October 15, 2007

Home Sweet Home

Last Thursday, I took a moderately epic journey around Mthatha with our after-school program coordinator, Mkuseli (UM-coo-sell-i), dropping a few people off and mostly searching for various items for his programs and my library. I really like Mkuseli (he has a great smile but gets deadly serious when you ask to take his picture) and towards the end of the trip, I asked him to show me the Anglican church he goes to because someday we plan on going together.

After we saw the church, he insisted on taking me to his home, which was nearby. I wish I had my camera with me, both to show you what it was like but also to capture what my face looked like when I saw it. He and his wife live in a mud-brick house that is probably 10 feet by 10 feet. In that space, they cook, clean, sleep, and do everything else people normally do in their homes. I could barely move anywhere as it was so cramped.

I was first struck by how proud Mkuseli was of his home. A man’s home truly is, I guess, his castle and he showed me the various features of the house and the mementoes crammed here and there (it didn’t take long).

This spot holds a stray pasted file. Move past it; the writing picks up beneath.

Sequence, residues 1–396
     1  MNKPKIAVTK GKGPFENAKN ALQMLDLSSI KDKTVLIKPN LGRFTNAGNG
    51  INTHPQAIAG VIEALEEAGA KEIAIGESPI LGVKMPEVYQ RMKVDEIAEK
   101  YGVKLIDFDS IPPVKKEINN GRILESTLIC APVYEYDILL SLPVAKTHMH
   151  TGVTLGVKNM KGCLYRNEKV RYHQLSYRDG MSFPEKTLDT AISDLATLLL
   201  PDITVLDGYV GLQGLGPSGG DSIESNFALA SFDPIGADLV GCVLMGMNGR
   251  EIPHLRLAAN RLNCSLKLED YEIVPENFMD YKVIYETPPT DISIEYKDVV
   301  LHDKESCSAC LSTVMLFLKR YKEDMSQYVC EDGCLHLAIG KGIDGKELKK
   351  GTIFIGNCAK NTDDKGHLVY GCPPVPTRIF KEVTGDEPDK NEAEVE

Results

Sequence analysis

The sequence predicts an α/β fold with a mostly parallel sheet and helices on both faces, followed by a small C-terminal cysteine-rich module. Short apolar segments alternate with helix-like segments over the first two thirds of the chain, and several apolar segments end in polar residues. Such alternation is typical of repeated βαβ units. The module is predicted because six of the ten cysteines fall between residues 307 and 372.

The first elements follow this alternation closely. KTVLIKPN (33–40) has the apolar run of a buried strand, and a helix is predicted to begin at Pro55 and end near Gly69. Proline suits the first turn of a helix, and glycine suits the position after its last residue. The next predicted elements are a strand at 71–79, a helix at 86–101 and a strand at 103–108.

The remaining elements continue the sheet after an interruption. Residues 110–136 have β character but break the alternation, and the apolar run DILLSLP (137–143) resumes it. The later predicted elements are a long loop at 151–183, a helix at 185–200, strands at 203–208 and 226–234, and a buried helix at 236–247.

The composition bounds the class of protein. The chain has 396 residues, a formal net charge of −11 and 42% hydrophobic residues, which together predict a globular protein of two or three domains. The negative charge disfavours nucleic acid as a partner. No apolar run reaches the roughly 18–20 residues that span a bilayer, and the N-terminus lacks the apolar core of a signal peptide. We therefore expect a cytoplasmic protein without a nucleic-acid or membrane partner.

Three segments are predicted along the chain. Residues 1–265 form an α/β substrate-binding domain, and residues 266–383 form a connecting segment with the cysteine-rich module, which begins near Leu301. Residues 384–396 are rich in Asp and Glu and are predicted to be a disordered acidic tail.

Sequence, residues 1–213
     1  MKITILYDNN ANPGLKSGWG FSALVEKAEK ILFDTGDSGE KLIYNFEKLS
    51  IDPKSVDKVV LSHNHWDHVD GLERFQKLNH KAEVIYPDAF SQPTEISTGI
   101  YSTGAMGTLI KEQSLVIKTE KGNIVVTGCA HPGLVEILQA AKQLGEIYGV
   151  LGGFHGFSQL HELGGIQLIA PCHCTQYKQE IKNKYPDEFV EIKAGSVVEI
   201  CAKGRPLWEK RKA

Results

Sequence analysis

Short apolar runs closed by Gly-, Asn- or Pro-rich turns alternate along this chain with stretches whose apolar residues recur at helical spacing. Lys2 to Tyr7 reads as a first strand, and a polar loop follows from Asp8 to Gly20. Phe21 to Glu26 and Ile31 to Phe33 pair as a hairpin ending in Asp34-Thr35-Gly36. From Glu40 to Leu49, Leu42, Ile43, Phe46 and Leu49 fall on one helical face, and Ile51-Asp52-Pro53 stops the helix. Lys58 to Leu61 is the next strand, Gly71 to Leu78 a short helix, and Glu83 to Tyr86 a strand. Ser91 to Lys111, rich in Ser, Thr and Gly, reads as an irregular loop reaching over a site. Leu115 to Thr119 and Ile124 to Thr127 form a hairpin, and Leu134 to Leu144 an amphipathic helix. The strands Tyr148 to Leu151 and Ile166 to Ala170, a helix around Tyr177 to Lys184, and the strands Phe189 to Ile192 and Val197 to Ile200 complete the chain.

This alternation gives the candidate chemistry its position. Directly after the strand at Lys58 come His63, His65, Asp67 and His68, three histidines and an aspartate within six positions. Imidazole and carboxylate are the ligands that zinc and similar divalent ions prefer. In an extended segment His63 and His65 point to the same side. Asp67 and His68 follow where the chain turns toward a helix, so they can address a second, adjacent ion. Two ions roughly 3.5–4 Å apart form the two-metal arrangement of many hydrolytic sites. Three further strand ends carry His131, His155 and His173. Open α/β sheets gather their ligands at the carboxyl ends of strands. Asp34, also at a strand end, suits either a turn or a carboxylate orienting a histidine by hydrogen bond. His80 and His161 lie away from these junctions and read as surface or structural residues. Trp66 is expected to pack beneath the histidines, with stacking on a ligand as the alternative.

I was then struck by the fact that I probably have six times as much floor space as Mkuseli does, running water and electricity (most of the time), and a bathroom I don’t have to leave the house to get to. And I live all alone and Mkuseli’s daughter right now lives with a relative because there isn’t enough space for her. And Mkuseli has a full-time job, though his wife hasn’t been able to find work.

My stipend is rather small by American standards but it’s still more than twice what Mkuseli makes and I don’t even have to pay rent. Next year, when his daughter gets old enough, Mkuseli is going to have come up with the money for her school fees, books, uniform, and so on, which amounts to about 15-percent of his monthly salary.